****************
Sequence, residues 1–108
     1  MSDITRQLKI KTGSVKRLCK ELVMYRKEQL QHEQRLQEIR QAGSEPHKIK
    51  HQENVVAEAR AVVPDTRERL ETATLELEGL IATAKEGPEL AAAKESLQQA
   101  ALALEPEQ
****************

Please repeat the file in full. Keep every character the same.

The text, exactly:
Sequence, residues 1–108
     1  MSDITRQLKI KTGSVKRLCK ELVMYRKEQL QHEQRLQEIR QAGSEPHKIK
    51  HQENVVAEAR AVVPDTRERL ETATLELEGL IATAKEGPEL AAAKESLQQA
   101  ALALEPEQ